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Korrigans | The fairy folk of Brittany

With its medieval towns and villages, wild impressive coastline and abundant forests, picturesque Brittany offers its visitors so much more than just homemade cider and galettes dripping in ham and cheese. Whole days can be devoted to meandering the narrow cobblestone streets and charming squares lined with crooked half-timbered houses. But, as night falls be prepared for a nail-biting mystical enchantment.

The Korrigans of Brittany – fairy folk

According to folklore as the twilight starts to steal the sun and the air grows heavy with the sweet smell of the cooling earth, little people, some no taller than your thumb, come out to play amongst the ferns. They flit through the silver moon-lit sprinkles of the fountains. If you sit quietly and watch extremely closely, you may glimpse a honey coloured streak of hair between the granite boulders.

However, as beautiful as this rare sight might be I strongly suggest that you dare not linger. For the golden streak belongs to no other than the Korrigan According to Patricia Monaghan in ‘The Encyclopaedia of Celtic Mythology and Folklore’ they could bring danger, for the Korrigan fairies are:

’immoral and might as readily steal a person or child as tell a fortune’.

For centuries the people of Brittany have been entertained by tales told by travelling tailors. Stories have been recounted, around the haven of warming fires, of Korrigans stealing new born babies leaving their own infants in their place. Of killing innocents with their deadly breath and cursing weary travellers to their doom.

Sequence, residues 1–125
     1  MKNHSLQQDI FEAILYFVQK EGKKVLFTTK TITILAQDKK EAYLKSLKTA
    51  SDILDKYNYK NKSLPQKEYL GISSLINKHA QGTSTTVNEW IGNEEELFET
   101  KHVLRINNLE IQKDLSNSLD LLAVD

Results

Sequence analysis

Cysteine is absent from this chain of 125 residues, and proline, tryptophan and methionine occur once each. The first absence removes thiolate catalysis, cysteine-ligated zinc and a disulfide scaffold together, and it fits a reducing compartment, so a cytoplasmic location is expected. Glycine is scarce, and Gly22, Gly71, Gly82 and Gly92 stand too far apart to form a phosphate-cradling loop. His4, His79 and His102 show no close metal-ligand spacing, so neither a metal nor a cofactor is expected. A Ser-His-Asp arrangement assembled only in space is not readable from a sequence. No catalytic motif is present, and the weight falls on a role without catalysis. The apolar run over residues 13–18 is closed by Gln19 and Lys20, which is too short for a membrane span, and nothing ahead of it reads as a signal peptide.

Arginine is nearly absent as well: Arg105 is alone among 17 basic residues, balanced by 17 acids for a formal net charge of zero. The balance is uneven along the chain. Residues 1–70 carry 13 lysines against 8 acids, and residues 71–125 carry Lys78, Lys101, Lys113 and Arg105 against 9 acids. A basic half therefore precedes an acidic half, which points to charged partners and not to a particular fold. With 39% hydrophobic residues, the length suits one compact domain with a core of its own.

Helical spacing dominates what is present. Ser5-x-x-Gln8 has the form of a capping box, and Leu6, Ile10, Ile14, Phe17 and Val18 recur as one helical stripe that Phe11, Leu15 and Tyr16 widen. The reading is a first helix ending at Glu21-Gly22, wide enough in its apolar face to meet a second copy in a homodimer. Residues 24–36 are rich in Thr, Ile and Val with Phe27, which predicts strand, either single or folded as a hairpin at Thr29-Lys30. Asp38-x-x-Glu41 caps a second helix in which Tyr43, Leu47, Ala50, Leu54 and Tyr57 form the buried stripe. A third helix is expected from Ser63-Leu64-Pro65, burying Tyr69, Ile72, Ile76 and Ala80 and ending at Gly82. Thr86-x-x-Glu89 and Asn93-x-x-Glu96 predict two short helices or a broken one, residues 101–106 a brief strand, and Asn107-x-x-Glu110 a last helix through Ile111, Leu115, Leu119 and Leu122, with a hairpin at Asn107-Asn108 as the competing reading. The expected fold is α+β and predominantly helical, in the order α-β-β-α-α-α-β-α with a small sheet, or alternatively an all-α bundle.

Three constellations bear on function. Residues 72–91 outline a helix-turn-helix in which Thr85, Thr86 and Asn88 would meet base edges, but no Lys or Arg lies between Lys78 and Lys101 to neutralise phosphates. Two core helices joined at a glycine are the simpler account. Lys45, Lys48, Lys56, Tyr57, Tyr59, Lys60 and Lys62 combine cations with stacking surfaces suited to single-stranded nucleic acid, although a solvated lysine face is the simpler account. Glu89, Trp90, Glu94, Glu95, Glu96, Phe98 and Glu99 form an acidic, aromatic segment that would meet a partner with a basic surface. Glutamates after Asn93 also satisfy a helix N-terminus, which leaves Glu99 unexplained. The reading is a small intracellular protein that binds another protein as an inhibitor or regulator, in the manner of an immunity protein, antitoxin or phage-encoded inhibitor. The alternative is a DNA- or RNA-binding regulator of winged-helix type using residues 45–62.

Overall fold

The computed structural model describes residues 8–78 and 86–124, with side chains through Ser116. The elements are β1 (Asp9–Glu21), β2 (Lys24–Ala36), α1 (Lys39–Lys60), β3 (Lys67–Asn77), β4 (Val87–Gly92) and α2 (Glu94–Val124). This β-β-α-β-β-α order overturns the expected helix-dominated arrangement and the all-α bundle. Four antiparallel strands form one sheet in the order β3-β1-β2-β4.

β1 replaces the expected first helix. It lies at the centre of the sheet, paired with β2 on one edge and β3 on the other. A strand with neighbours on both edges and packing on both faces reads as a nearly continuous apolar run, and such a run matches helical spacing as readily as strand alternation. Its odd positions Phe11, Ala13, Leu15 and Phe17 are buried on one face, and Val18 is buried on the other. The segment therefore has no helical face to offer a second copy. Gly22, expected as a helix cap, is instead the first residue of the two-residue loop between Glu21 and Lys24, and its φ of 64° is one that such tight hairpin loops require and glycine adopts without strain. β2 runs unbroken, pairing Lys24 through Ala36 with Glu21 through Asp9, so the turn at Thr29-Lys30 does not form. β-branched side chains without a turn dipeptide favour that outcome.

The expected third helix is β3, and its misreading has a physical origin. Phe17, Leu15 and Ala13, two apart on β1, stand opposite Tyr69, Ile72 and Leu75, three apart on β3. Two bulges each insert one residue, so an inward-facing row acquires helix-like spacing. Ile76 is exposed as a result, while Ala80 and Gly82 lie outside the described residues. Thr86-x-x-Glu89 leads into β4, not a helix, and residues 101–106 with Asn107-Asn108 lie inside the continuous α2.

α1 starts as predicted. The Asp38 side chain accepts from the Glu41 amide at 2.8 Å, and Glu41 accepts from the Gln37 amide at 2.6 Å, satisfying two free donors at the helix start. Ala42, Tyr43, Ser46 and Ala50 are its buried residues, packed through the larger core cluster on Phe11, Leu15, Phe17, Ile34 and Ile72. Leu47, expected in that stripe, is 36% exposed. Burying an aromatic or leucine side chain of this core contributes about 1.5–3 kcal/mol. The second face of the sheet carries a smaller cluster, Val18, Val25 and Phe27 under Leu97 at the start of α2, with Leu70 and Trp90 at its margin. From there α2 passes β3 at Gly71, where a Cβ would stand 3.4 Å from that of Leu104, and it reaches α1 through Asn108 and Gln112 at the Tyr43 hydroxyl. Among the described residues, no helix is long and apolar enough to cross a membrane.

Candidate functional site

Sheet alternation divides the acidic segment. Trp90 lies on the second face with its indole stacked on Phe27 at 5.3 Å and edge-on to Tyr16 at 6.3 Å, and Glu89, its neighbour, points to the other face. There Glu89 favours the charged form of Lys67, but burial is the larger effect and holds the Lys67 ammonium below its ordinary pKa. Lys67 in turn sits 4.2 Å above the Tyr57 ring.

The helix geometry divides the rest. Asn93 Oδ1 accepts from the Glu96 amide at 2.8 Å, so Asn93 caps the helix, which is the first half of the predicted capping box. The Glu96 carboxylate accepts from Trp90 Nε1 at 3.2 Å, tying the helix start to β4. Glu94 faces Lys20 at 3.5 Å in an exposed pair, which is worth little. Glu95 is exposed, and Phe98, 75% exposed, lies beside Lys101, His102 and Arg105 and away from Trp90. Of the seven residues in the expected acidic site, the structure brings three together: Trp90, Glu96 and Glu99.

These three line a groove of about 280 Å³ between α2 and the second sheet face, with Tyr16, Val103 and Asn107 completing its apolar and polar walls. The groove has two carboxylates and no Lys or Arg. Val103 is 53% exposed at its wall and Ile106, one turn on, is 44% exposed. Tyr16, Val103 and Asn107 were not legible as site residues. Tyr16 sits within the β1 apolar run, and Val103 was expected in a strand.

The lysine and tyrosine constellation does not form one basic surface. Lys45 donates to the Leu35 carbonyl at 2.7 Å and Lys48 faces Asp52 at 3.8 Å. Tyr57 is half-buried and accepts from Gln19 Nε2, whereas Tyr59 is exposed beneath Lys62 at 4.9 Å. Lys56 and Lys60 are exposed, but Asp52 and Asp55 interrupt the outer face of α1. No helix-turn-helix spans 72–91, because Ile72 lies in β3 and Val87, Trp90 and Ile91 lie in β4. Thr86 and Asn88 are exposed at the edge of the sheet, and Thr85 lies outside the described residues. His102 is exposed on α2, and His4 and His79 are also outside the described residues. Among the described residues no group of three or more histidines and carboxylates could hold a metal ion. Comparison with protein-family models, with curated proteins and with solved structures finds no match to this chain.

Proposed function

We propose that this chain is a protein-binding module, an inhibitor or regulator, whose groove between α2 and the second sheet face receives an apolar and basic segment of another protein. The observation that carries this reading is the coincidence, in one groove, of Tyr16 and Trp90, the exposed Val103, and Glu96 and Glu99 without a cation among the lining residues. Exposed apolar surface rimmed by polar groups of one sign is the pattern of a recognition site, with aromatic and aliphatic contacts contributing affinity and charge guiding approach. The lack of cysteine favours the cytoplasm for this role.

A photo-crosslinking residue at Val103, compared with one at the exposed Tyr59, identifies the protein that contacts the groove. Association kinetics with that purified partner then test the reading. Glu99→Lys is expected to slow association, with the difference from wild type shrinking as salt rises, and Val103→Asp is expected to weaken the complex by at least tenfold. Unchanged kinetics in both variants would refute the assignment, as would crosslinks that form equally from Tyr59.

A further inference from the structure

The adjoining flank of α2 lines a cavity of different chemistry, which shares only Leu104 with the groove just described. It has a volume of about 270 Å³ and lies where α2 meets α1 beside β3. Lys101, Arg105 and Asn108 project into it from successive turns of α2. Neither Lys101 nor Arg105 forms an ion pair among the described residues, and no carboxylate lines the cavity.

Impish and demanding

The stories vary but there are some things of importance that every visitor to Brittany should learn from them:

Korrigans hate religion and everything associated with it. They refused to be converted to Christianity when the Apostles came to Brittany. It’s said that the Virgin Mary chased them away from their water fountains. She became their ultimate enemy and as Saturday masses are customarily dedicated to Mary, they are particularly naughty on this day. If you come across a Korrigan combing its hair or counting its treasures on a Saturday, you should fear for your life.

Yet if you are a man, common folklore will have you doomed already. It’s said, men, unable to resist the Korrigan’s beauty, will be lured into the Korrigans beds and ultimately, to their death. Dr James MacKillop, in his ‘Dictionary of Celtic Mythology’, describes the Korrigan as a;

Wanton, Impish, sprightly female fairy of Breton folklore who desires sexual union with humans.  Each Korrigan has the power to enmesh the heart of the most constant swain (country youth, lover or suitor) and doom him to perish for love of her.’

Resistance is futile

Sadly, though we learn from the tale of the Seigneur of Nann that a refusal to sleep with a Korrigan will not save you either…